Composer, musician, singer, actor, Mohamed Abdel-Wahab was a giant in the world of Middle Eastern entertainment. This prolific artist composed some of the most classical Egyptian music. He wrote more than 1,800 songs, of which he sang hundreds, and was also a star of the silver screen. Born in the Bab El-Sha'riya district of Cairo in 1910, Abdel-Wahab made his first recording at the age of 13. He had a beautiful baritone singing voice and played the oud (see illustration). He trained formally in both Arabic music and Western music, and was the first composer to synthesise the two strains in his music. While he began his career with traditional melodies, Western influences became evident in his later music.
One of his early songs Fil-Leil Lama Kheli (The Lonely Night) became an instant success and was sung before King Farouk at the opening of the Arab Music Institute in Cairo in 1929. In 1926, Abdel-Wahab had helped to compose the musical score of The Goose Consul Operetta, based on a theme of Naguib El-Rehani. It was a great success.
In his later films, Abdel-Wahab introduced female singers such as Leila Murad. He also began to feature large orchestras with mixtures of Western instruments such as the guitar, bass, accordion and, later, the organ and synthesiser. He employed new rhythmic formulas, including the tango, mambo, samba and rumba, as well as the Arabic oriental rhythms maqsoum and baladi, in his compositions.
In the 1950s, Abdel-Wahab left film and concentrated on his singing. His songs were patriotic and included composing the musical scores for Egypt's national anthem and that of the United Arab Republic. In the 1960s he stopped singing, but continued to compose for other singers. It was during this decade that Abdel-Wahab composed for Om Koulthom He released Ente Omri, a recording that became Egypt's all-time bestseller. Abdel-Wahab worked well into the 1970s. While he appeared less and less in public, the popularity of his music never faded. Then in 1988, at the age of 81, he surprised everyone when he returned to the studio with a new composition. In 1991, Mohamed Abdel-Wahab died of heart failure. His career spanned 74 years and created a legend in the world of modern Arabic music and melody.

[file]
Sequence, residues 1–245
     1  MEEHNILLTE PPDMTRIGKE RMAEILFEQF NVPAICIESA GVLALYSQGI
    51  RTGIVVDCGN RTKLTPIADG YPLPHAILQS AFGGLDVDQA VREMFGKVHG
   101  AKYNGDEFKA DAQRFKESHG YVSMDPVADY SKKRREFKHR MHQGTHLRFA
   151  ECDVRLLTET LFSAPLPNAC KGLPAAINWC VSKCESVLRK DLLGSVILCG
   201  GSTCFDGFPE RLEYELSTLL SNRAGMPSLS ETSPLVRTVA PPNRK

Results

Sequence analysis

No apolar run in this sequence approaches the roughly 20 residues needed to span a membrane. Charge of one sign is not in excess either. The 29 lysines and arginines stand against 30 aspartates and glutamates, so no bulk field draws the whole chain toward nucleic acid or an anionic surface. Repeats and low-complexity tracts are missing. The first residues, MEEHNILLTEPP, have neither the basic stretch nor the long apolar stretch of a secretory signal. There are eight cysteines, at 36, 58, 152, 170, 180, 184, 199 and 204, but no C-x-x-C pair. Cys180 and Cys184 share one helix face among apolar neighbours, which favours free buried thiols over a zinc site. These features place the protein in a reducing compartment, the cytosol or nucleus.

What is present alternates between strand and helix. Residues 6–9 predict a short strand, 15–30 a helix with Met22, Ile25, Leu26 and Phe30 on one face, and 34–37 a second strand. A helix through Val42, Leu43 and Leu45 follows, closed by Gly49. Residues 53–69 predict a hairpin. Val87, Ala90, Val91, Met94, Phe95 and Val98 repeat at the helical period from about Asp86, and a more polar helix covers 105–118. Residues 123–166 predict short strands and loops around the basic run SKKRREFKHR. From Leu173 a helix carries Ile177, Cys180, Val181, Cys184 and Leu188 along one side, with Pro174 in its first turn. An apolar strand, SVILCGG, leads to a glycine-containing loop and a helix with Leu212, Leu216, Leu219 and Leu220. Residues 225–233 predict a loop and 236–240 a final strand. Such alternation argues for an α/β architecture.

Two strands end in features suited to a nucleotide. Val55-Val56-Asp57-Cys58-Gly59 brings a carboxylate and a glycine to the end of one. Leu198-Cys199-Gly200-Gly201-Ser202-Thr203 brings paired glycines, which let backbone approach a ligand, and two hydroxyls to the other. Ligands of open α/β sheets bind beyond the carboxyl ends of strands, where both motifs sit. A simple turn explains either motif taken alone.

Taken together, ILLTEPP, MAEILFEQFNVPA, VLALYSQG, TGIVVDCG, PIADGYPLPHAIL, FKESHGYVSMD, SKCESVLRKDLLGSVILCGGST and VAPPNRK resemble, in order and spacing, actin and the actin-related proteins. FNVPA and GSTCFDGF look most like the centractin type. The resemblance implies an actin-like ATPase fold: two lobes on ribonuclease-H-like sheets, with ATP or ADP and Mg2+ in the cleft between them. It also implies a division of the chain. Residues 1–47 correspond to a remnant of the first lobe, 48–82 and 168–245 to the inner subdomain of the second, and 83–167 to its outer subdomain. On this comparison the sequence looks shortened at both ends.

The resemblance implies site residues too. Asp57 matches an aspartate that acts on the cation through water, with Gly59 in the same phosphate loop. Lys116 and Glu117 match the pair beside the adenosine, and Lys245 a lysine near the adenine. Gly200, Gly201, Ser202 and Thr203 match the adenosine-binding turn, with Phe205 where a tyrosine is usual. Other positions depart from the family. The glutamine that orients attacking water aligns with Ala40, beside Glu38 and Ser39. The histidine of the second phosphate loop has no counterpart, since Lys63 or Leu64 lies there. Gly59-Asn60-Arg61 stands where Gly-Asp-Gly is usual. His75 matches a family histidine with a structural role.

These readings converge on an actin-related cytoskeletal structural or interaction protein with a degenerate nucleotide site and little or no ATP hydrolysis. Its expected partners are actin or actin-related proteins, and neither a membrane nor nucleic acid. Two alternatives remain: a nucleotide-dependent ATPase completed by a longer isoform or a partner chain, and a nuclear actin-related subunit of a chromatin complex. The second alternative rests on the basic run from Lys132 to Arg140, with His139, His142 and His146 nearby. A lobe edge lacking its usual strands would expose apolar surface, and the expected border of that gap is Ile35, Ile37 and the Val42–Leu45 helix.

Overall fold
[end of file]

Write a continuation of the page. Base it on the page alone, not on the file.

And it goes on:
Twelve years after his death a museum was opened to commemorate the life at the Arabic Music Institute, where he had sung some of his most famous and memorable songs.
With its early 20th-century Islamic architecture, it is located at 22 Ramses Street, just before Al-Tawfiqiya.
Well worth a visit on the next ESC trip to Egypt.
Among his extensive discography are:
Les Archives de la Musique Arabe V.I, III, IV [Club du Disque Arabe]
Magnoun Leila [Cairophon]
Mohamed Abd el-Wahab V.1-X [Clube du Disque Arabe]
Super Belly Dance [CD, Voice of Stars, 1989]
Colours from Abdel Wahab Melodies [CD, Voice of Lebanon, 1994]
Kollina Nehib Elqamar 1920-1935 [CD, Voix du Maghreb, 1996]
Watanyat Vol 2 [CD, EMI Arabia, 1998]
For free download from the internet try http://www.artistdirect.com/music/genre/sub/songs/0,,677-2,00.html